TitleTo infinity and beyond
NameRadu, Iuliana (author), Weber, Keith (chair), Maher, Carolyn (internal member), Cohen-Corwin, Amy (internal member), Tirosh, Dina (outside member), Rutgers University, Graduate School - New Brunswick,
Infinite--Study and teaching,
Iterative methods (Mathematics)--Study and teaching,
Mathematics--Study and teaching
DescriptionThere is evidence that students’ and mathematicians’ images of and reasoning about concepts such as infinite unions and intersections of sets, limits, and convergent series often invoke the consideration of infinite iterative processes. Therefore, not reasoning normatively about infinite iteration may hinder students’ understanding of fundamental concepts in mathematics. Research suggests that the vast majority of college students are inclined to use non-normative reasoning when presented with tasks that challenge them to imagine an infinite iterative process as completed and define its outcome. However, there is almost no research on how students’ conceptions of completed infinite iteration can be refined in a normative direction.
Adopting a design research approach, the purpose of this thesis is to develop a local instruction theory for completed infinite iteration. This design entails multiple cycles through phases of development, implementation, and analysis. The study consisted of a sequence of two constructivist teaching experiments conducted with pairs of mathematics majors, during which the students worked collaboratively through a variety of infinite iteration tasks. Each cycle consisted of 6 or 7 sessions lasting approximately 2 hours, together with Pre-test and Post-Test sessions. The data analysis consisted of multiple phases of iterative analysis of the videotaped sessions and written work and was guided by situated learning transfer theories.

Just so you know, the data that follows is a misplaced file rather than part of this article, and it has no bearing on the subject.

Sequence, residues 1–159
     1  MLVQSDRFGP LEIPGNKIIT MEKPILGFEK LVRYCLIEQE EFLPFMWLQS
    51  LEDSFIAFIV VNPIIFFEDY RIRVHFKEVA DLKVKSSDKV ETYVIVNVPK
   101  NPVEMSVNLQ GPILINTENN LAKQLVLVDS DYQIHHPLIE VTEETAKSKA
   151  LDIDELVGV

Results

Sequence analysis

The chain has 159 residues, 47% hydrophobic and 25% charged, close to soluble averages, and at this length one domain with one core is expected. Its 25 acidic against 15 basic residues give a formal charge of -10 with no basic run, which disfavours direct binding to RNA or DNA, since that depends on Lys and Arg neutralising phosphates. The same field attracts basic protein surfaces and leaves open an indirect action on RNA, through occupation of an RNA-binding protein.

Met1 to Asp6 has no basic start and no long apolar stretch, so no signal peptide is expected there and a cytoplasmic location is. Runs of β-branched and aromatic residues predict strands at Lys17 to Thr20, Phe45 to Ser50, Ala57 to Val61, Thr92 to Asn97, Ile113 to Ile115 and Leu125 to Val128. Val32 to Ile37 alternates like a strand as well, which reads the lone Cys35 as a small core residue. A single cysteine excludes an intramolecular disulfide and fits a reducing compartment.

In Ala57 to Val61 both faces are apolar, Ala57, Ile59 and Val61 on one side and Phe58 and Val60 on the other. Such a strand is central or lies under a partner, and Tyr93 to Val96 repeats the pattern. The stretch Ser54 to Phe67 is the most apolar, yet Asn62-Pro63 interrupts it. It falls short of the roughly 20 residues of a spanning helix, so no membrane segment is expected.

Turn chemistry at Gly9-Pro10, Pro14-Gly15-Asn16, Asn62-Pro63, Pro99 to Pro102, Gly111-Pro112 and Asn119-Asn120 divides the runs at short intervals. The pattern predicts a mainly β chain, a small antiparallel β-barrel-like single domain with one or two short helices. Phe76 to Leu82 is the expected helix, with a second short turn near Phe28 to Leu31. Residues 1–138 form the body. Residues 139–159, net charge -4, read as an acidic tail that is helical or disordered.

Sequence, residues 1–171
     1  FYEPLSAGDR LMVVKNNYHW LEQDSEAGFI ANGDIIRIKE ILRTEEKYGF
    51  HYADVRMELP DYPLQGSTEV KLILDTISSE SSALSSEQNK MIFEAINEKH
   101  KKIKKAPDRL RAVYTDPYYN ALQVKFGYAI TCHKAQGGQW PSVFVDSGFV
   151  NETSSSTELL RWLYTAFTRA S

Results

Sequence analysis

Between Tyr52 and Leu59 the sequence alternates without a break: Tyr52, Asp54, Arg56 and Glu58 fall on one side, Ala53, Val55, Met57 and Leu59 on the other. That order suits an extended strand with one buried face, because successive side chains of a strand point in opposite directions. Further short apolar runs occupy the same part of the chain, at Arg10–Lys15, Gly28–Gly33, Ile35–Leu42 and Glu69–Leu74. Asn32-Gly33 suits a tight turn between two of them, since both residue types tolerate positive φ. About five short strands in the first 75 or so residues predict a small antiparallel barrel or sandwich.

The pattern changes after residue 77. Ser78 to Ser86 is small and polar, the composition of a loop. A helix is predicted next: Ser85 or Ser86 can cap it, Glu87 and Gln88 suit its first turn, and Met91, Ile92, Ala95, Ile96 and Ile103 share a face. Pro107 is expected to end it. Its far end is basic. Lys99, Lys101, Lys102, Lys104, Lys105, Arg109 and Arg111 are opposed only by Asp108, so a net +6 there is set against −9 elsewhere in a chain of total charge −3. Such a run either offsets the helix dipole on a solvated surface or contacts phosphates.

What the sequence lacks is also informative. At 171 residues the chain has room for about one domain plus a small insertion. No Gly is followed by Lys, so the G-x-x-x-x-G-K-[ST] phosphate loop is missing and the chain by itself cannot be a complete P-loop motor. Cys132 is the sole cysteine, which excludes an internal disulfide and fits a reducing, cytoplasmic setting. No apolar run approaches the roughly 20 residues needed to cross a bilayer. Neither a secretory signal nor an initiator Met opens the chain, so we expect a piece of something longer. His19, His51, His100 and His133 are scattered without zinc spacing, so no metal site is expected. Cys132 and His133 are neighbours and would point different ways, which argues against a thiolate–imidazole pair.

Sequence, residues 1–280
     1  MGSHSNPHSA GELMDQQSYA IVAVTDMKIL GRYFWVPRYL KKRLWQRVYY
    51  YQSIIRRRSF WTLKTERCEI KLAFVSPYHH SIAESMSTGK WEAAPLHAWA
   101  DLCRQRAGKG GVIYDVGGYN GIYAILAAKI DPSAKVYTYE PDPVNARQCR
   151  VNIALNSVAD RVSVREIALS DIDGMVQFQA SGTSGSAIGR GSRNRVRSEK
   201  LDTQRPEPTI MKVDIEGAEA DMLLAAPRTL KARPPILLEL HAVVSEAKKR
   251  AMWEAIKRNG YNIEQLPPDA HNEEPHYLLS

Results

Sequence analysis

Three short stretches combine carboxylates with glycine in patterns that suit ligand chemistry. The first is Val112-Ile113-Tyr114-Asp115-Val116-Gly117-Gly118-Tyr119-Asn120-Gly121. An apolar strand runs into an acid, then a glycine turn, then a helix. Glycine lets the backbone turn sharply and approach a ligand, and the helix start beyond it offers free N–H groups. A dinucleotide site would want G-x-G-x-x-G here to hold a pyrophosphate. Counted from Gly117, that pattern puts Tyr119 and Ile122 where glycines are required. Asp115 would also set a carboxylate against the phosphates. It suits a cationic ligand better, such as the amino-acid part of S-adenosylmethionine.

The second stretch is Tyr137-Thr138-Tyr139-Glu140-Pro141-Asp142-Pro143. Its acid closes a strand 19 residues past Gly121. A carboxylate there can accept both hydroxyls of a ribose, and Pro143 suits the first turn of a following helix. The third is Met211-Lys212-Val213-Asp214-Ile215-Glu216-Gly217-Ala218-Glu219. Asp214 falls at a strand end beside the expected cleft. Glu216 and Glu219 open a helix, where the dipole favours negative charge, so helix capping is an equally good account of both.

The participants in this study employed a variety of types of reasoning when solving completed infinite iteration tasks, some normative and some not. One way that the students refined their reasoning on infinite iteration was by making references to previously solved tasks (in the presence of a concern for consistent reasoning across tasks), although the refinement was not always in normative directions. The challenge that a researcher faces consists in helping students use such references to establish “anchors” in normatively solved tasks to which they can then contrast the solution paths proposed for other tasks. A variety of approaches to responding to this challenge are explored. The study culminates with the formulation of a local instruction theory for completed infinite iteration, containing among other things a sequence of instructional activities and a rationale for their appropriateness.
NoteIncludes bibliographical references (p. 469-473)
Noteby Iuliana Radu
CollectionGraduate School - New Brunswick Electronic Theses and Dissertations
Organization NameRutgers, The State University of New Jersey
RightsThe author owns the copyright to this work